Saturday, November 6, 2010

Growing fruit in the home garden

When we decided to grow our own food almost 3 years ago, we always new that we would not be able to supply all our fruit needs. This did not stop the planning of growing whatever fruit we could, even if it was just on a small scale.

Superman blessed me by hanging up lots of hanging baskets and planting 80 strawberry plants. These have now made baby plants twice over and are starting to yield for the season again. Last year we had so many strawberries that we eventually made jam for our family for gifts. These have been the easiest to grow and care for in our small farm in the city.


One of the first things I did was buy 3 huge half wine barrels and plant fruit trees. I planted a lemon, orange and olive. (Yip and olive is a fruit, not that we would classify it as such in our minds.) The lemon has given a few fruits, the orange has it's first appearing this season and the olive has a way to go before producing. These trees are going to be transplanted into the new area we are creating quite soon.

We planted 3 granadilla vines against a wall in our initial veggie garden. 1 of them died...I think it's roots were disturbed by tunneling of moles. But the other two are developing new blooms each day. The leaves are not as full as I would have expected for an almost 2 year old vine, but there are at least 20 fruits hanging in there.

A friend gave me a Cape Gooseberry plant about a year ago and they are now springing up all over the garden. These never make it to the plate, but are eaten from the bush as they ripen. I am not too sentimental about these plants as they can be quite invasive, but I am trying to adopt the attitude of "blooming where you are planted" so that unless it is really in the way, it stays.

We also planted a vine about 2 years ago. I wish I remembered the name of this cultivar...alas, I don't! But it produced about 4 bunches last year and we can see the tiny promises of more this year already.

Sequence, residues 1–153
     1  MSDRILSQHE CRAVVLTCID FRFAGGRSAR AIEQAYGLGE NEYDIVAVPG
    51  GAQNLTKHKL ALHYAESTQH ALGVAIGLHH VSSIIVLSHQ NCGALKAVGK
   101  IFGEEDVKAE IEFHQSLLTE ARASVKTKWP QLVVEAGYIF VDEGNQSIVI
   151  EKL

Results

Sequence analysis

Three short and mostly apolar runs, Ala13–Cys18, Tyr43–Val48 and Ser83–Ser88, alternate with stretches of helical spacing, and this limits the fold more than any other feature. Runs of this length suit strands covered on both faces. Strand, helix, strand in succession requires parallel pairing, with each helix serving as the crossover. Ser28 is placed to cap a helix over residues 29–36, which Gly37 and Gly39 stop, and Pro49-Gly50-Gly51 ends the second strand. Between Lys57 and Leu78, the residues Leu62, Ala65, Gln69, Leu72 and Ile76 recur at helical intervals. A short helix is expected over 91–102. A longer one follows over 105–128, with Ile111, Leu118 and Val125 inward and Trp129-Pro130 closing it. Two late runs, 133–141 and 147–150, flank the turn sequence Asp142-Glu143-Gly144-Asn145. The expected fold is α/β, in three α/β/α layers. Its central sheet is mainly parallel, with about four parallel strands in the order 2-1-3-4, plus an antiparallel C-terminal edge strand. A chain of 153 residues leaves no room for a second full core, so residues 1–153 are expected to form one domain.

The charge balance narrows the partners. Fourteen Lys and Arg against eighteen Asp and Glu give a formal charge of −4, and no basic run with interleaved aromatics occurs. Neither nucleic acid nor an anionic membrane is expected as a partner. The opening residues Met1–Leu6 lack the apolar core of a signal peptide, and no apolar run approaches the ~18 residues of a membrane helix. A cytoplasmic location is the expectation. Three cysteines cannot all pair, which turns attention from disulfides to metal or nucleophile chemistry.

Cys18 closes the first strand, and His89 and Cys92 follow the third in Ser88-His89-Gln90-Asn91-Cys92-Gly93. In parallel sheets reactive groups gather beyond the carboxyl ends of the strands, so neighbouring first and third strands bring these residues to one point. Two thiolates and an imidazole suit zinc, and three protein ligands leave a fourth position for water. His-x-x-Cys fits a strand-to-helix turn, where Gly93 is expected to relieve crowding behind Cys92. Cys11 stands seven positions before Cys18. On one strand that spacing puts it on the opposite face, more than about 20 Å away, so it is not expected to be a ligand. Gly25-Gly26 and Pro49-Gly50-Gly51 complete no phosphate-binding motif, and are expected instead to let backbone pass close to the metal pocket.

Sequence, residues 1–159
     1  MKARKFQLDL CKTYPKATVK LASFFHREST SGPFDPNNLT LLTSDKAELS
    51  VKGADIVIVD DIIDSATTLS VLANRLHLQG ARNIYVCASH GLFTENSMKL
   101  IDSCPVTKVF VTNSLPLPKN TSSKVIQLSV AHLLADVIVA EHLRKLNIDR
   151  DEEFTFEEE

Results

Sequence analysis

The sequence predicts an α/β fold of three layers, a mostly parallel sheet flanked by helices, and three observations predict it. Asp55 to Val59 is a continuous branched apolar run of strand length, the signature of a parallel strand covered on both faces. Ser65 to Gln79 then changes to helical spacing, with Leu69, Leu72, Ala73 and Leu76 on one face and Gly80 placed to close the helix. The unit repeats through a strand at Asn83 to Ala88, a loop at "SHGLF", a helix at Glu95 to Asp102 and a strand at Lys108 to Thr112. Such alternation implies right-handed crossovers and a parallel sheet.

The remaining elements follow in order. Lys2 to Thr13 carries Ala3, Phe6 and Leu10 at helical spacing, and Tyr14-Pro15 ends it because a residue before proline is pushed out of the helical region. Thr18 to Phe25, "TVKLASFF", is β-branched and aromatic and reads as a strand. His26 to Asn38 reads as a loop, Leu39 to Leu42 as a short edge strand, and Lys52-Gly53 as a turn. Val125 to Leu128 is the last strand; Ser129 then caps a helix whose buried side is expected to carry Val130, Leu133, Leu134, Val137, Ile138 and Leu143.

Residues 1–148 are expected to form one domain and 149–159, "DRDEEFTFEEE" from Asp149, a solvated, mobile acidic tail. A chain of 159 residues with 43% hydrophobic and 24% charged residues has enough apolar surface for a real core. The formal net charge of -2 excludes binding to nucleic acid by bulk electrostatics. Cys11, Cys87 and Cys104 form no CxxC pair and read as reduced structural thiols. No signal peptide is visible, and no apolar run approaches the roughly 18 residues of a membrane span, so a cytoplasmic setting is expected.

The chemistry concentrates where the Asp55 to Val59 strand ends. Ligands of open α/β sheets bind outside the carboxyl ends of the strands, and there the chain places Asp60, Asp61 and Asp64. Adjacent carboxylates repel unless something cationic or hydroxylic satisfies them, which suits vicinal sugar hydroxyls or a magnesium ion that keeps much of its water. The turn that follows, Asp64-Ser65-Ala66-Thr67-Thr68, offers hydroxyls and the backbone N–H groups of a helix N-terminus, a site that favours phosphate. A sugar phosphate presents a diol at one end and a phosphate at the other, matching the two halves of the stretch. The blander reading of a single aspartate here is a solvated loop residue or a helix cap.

We have tried to think vertically when it comes to growing fruit in this small garden so fences, walls, pergolas, pots...all have their place. When our last area is prepared we will have 2 lemon trees, 1 olive, 2 avos, 1 orange and an almond tree.

We also have blackberries, blueberries and booysenberries growing in the side patch but these have yielded nothing to boast of yet.

Another friend gave me an interesting fruit a while back. The papino melon...I found it very watery after being used to the rich flaour of summer melons, but my son enjoyed them. We have now got 4 healthy plants growing with lots of flowers.

3 comments:

Lois Evensen said...

How wonderful. So many different types of fruits and they all look so perfect.

Fluffymuppet said...

Hi Wendy,

I was wondering whether you would like to be included in a book project I am working on about people who grow unusual edibles (like the pepino melon!). There's more information on my blog http://coopette.com/blog/do-you-grow-unusual-edibles, so do get in touch if you would like to take part.

Thanks
Emma

JandK said...

I love growing my own food and just planted my first berry plants last year. I got them online at http://www.gardenharvestsupply.com/ProductCart/pc/Strawberry-Plants-for-Sale-Bare-rooted-Potted-Strawberries-c130.htm and so far they are doing great! I am looking for a good crop next spring!